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Debates

The UK and Europe

Brexit: a view from the continent

Jan Eichhorn / Mar 2016

Image: Shutterstock

Most debate around the upcoming EU referendum in the UK seems to revolve around two obvious issues: the politics and attitudes with in the UK itself and the views of other governments and the EU at an institutional level about the process and the renegotiations. One group is rarely considered: publics in other member states. This may sound obvious – they do not get a vote and are not directly engaged in negotiations. However, their views may become more important, in particular in case the UK votes to leave the European Union.

In a research project we conducted comprehensive in-depth surveys in six other EU member states (Germany, France, Poland, Ireland, Sweden and Spain) to assess how much variation there is in public attitudes on different parts of the continent. Many commentators seem to have suggested that ultimately, regardless of their views on the referendum itself, negotiations following an “out” decision would largely be pragmatic and conducted by all with economic interests in mind. Looking at public perceptions however, the story becomes more difficult.

In Poland, Germany and Ireland substantially more people wish for the UK to remain part of the single market than if it left the EU than oppose it. Swedish respondents however are split on the issue and in Spain and France respondents opposing British membership of the single market after exiting the EU clearly outnumber those who would like for the country to remain (see table 1).

Table 1: Views on Britain’s access to single market if leaving the EU by country (%)

 

Britain should be a member of the EU’s single market

Britain should not be a member of the EU’s single market

Don’t know

Germany

N= 1500

46

22

31

France

N= 1500

25

39

36

Poland

N= 1500

50

19

31

Spain

N= 1500

30

42

28

Ireland

N= 1000

41

26

33

Sweden

N= 1002

32

30

38

 

In some countries governments may feel a pressure from publics to not give the UK an easy ride if they leave – domestic pressures may influence government stances in such negotiations. But we do not need to only look at a hypothetical exit scenario to see that views on the UK’s role in the EU are not uniform.

When asked whether the UK should remain a member or leave there is a majority in each of the six countries surveyed for Britain to remain. However, the size of this majority differs greatly and in the case of France it is not an absolute majority. Only 42 per cent of respondents say the UK should continue to be a member, while 33 per cent are opposed and 25 per cent unsure. Support is slightly greater in Sweden with 50 per cent, rises to 58 per cent in Germany and is highest with about two thirds supporting it in Poland, Spain and Ireland (table 2).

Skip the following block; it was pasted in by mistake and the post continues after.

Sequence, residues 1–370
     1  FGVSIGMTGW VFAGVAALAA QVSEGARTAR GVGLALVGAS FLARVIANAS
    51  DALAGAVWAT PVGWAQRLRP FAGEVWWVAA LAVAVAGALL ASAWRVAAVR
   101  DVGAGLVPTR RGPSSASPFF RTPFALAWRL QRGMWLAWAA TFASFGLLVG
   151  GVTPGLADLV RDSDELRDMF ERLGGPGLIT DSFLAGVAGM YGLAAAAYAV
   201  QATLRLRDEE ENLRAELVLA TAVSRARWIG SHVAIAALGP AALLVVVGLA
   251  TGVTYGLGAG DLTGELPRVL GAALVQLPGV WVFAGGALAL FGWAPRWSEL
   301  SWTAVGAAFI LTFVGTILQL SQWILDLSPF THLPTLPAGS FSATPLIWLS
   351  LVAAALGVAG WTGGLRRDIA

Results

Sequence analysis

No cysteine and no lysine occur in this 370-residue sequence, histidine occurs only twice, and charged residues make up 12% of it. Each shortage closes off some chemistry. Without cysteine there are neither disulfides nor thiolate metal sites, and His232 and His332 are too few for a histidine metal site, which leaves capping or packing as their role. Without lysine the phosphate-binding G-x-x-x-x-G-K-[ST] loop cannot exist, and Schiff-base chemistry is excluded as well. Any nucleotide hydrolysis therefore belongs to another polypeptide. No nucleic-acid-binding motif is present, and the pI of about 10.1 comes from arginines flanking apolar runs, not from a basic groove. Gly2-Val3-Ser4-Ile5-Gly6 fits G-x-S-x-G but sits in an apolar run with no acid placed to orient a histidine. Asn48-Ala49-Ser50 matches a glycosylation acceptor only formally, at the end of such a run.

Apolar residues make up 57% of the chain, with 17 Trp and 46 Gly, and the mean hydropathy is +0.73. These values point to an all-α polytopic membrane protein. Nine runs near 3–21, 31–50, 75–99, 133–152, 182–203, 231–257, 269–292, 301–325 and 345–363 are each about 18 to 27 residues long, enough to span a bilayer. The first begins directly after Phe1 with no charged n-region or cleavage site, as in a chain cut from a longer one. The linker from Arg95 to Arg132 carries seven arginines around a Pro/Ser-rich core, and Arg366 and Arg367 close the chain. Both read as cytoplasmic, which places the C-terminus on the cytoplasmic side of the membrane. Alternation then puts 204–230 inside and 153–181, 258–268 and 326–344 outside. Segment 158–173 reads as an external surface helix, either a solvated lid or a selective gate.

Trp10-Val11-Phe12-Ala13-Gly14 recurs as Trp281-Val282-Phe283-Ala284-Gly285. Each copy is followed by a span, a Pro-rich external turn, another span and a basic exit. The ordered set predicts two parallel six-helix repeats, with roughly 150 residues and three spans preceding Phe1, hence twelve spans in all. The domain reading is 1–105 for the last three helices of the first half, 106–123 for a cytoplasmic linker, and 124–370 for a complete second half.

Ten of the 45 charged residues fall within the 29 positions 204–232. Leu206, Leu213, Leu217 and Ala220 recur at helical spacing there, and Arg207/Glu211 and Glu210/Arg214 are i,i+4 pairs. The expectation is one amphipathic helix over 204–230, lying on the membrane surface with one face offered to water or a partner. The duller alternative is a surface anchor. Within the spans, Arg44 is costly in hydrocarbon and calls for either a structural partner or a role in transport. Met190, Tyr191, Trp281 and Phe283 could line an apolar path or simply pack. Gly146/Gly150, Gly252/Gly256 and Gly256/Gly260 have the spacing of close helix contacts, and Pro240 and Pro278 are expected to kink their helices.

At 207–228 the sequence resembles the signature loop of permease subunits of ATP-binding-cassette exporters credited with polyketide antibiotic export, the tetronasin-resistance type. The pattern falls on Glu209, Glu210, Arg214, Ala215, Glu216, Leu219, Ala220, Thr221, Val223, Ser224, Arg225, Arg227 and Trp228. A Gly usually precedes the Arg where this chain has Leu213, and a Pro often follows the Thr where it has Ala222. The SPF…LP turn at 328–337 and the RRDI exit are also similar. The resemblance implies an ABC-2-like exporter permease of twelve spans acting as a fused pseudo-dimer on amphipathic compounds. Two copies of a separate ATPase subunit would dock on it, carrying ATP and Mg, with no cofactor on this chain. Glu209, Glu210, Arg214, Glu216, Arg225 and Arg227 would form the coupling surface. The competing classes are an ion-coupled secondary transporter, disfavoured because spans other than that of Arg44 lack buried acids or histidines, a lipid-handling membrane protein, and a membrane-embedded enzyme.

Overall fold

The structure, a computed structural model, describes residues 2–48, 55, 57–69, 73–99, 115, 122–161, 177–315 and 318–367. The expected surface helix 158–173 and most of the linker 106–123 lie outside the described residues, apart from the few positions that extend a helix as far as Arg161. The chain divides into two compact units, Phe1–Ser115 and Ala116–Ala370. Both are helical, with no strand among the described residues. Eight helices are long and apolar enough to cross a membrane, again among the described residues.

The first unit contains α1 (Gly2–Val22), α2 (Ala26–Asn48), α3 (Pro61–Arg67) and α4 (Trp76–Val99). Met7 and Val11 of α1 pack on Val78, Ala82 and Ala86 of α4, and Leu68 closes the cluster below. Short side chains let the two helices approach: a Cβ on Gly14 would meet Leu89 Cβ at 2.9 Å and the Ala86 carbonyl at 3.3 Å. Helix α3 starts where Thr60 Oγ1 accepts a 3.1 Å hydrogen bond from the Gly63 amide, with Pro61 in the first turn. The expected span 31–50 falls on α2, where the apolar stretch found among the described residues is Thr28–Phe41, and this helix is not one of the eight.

Table 2: Views on UK membership in the EU by country (%)

 

Continue

Withdraw

Don’t know

Germany

N= 1500

58

23

19

France

N= 1500

42

33

25

Poland

N= 1500

65

11

24

Spain

N= 1500

65

14

21

Ireland

N= 1000

68

15

17

Sweden

N= 1002

50

21

29

 

So while the UK’s membership is seen as positive overall, it look as if heads of government and state will find it harder to sell deals with the UK to publics in some of the member states. We generally found that there was overall only limited support for exceptional treatment for the UK or any member state generally speaking. Between 53 and 62 per cent of respondents in each country said that any changes should apply to all member states – Britain should not be allowed to negotiate specific changes for itself (for which there was only 24-30 per cent support respectively).

While we did find some support for certain changes at the European level, it is clear that when it comes to the UK and the referendum there is variation in what publics elsewhere in Europe think. This does not influence the vote directly, but may become important in any further negotiations – in particular in case of a leave vote – if national politicians feel stronger domestic pressures about what to do with the UK.

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This findings presented here are part of the ESRC-funded project “The view from the continent: What people in other member states think about the UK’s EU referendum”. It is part of the “UK in a Changing Europe” programme and run under the auspices of the Applied Quantitative Methods Network (AQMeN) as a collaboration between a team from the University of Edinburgh and German think tank d|part. Full details and publications can be obtained here: https://www.aqmen.ac.uk/projects/euukreferendum

 

 

 

 

 

 

 

Jan Eichhorn

Jan Eichhorn

March 2016

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